Some three-quarters of the way into the band's set, which already saw the Spree covering The Who and, later, Paul McCartney, the band covered Thunderclap Newman's "Something In The
Air" twice in a row. And, actually, that was fewer times than DeLaughter promised before launching into the cover, when he threatened to have the band cover the song four times in a row. Seems he was the only one in on the bit, too: After covering the song the first time, the band was prepared to move on in the set list--only to have DeLaughter halt to proceedings and have the band start the same song up again. Perhaps mercifully, he only halfway fulfilled his promise.
Well, during that part of the show, at least. At the Spree's set's end, the covered the song a third time. Because, according to DeLaughter, that "song is more important now than ever."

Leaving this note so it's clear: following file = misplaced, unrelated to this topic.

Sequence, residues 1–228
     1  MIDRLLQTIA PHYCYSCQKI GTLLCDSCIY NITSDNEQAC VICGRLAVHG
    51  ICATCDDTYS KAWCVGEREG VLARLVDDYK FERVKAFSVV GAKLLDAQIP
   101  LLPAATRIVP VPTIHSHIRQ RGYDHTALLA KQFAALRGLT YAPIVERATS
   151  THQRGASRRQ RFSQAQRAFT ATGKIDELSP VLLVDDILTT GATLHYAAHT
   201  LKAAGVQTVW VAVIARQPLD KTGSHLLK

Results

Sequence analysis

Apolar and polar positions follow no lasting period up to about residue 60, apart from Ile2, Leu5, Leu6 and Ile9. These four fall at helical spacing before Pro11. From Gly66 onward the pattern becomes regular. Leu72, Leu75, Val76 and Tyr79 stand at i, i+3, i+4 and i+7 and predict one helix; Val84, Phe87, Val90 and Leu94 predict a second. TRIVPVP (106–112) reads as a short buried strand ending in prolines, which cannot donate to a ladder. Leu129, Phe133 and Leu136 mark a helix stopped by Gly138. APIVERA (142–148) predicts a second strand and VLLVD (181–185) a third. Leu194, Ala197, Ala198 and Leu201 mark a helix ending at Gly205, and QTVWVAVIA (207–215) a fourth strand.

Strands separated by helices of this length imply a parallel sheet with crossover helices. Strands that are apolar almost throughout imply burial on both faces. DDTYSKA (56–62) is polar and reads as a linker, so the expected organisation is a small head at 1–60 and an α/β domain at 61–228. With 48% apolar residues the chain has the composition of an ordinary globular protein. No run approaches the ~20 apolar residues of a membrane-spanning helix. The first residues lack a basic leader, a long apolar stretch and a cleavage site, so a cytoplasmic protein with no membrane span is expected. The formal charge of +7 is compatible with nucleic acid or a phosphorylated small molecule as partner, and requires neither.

It was either the greatest cover ploy we've seen in a live setting or the worst. We're still undecided. Either way, it was memorable. That's for sure.
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Kind of beautiful, too, what with the massive stage and video screen set up that Carrollton had set up for the affair. Good thing photographer Stephen Masker was there to cover the visual end of things for us that night.
After the jump, check out a few more choice pics of the Spree, and also of the 97's, as seen through Masker's lens.